The policy indicates the PGA has the right to know the whereabouts of players at all times, but there is no suggestion, at this point, that players will be required to provide information about their itineraries 24/7. Regarding the T/E ratio, the PGA still uses the old threshold of 6:1.

On the plus side, the PGA has employed attorney and WADA board member Rich Young, a veteran in the anti-doping movement, to help with the development of its program. Young said the PGA policy would include CIR testing, as well as the option of seeking penalties through evidence obtained beyond an actual positive test.

NBA -- D

No offseason testing, so a D is more than charitable. The NBA is only slightly better than the NHL and PGA because it seems a little less in denial (though there remains a general insistence that performance-enhancing drugs aren't a part of the culture of the sport and wouldn't be of any value to these athletes). Players are subject to four tests per season, but samples are collected only at practices, game-day shootarounds or actual games -- meaning a player could use at his home knowing he won't be caught and could plan his in-season dosing to avoid periods when he might be tested.

The NBA does have a provision that allows it to go after players even in the absence of a positive test, and the policy requires the public identification of the specific substance when a player is caught. The NBA works with a WADA-accredited lab that performs CIR testing in certain situations.

Still, the penalties are weak: 10 games for a first positive, 25 for a second.

NCAA -- C

Admittedly, the NCAA has logistical issues none of the professional leagues has to face -- namely, more than 400,000 student-athletes covered under the policy. That said, the NCAA's policy is hardly airtight, and the organization has managed to glide below the radar on the steroids issue for years.

"If you want to nail a group that has gotten a total Get Out of Jail Free card from goofy politicians onward, it's the NCAA," says Charles Yesalis, a Penn State professor emeritus and noted steroid expert who has researched the issue for years.

Because of the large number of athletes and the cost factor, many athletes can go through a year -- if not their careers -- without being tested. Rather than individuals, the NCAA states that each school will be tested at least once during the academic year. Of Division I schools that have football programs, 18 football players will be tested per year, plus another eight athletes total from other sports. If a school doesn't have a football program, eight students will be tested from the entire pool of the school's athletes.

Also, by designating institutions instead of individual athletes, the agency that tests on behalf of the NCAA provides schools with advance warning -- sometimes as much as 48 hours -- that doping control officers will be coming to campus to collect samples for testing. The NCAA works with the WADA-accredited lab at UCLA, which performs CIR testing in certain situations.

NFL -- B

In many ways, the NFL has been light-years ahead of every other pro league on this issue, implementing its testing program long before the others seriously considered doing so. All players are tested at least once during the season, although that test wouldn't reveal much because it comes every year at training camps. With players able to prepare for the collection of their samples, it is little more than an IQ test at that point. Each week, 10 players from each team are selected randomly to be tested, including in the postseason. Even so, players know they won't be tested on game days.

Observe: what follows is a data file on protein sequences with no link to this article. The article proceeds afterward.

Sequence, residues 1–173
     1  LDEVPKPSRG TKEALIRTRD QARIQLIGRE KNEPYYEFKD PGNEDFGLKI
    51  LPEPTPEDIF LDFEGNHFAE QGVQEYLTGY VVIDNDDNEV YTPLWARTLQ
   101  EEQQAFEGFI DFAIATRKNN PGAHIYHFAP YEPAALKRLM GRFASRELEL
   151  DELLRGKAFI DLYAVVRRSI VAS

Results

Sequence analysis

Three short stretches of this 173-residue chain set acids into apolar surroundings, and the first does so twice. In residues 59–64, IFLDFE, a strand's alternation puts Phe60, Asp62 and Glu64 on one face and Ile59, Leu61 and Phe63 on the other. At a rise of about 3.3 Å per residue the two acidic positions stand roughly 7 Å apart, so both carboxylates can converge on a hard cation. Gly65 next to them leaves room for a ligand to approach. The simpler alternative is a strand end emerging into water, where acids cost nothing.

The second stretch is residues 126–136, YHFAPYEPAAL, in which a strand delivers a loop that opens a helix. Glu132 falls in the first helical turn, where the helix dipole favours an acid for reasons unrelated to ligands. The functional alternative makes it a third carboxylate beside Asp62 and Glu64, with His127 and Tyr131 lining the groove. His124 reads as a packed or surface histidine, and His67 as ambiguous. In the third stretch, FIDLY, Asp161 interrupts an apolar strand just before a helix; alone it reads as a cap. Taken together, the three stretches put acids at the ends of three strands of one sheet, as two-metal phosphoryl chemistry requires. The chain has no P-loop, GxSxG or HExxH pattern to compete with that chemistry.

Players are subject to up to six out-of-season tests, and the league insists they are of the no-notice, knock-on-a-guy's-door variety. The league also says that it is testing players outside the country and that the lab it employs is conducting random CIR testing of NFL samples. Still, penalties are weak (four games for a first positive, eight games for a second), and the testing data isn't wholly transparent. The league does not issue an annual, detailed report about numbers of tests and results, however, a 2007 press release stated the NFL conducts 12,000 tests annually, and a spokesman told ESPN.com the number of offseason tests has "historically" been about "25 percent." Also, when a player tests positive, he is identified, although the specific drug he used is not revealed.

The NFL's biggest issue is follow-through. On paper, the policy addresses most of the potential loopholes. However, in 2006, the New York Daily News reported that players had a two-month window in which they weren't being tested and that samples were collected only at stadiums and/or training facilities. The NFL says it since has closed those loopholes.

With so much focus on Major League Baseball, the NFL has managed mostly to stay out of the steroid fray of recent years. That could change, though, as a steroid probe with NFL connections evolves in Texas and as the government continues its investigations of distributors throughout the country.

MLB -- B+

For years, though few seemed to want to listen, commissioner Bud Selig insisted baseball had the best steroids policy in all of sports. Now, four revisions later, he might actually be right.

As loopholes have been highlighted (and as Congress has squeezed incessantly), MLB frequently has responded. The policy now tests for more drugs than ever; penalties have been increased (50 games for a first positive, 100 for a second); offseason testing has been employed; the ability for players to receive exemptions for prescription drugs has become more limited; and CIR testing is employed.

The offseason program could be stronger, as only 10 percent of players will be tested under the new policy. Baseball still does not test players' blood, but if a viable test for HGH becomes available, it will be considered in an annual review period. How willing the union will be to allow blood testing and how hard MLB will be willing to push for it remains to be seen.

As with the NFL, baseball's two biggest issues are transparency and follow-through. Baseball says it collects information about where players are at all times in the offseason and promises that, under the new policy, a player can be tested anytime, anywhere in the world with no notice. On paper, the policy is strong, but whether the league will enforce it aggressively remains to be seen. Part of its new policy states that baseball will provide a full accounting of its testing annually. And as with the NFL, for a time, baseball also appeared to be testing only at stadiums and with players receiving some warning.

T.J. Quinn joined ESPN in November 2007 as an investigative reporter for ESPN's Enterprise Unit, which is charged with developing long-form, investigative features to be presented across multiple platforms.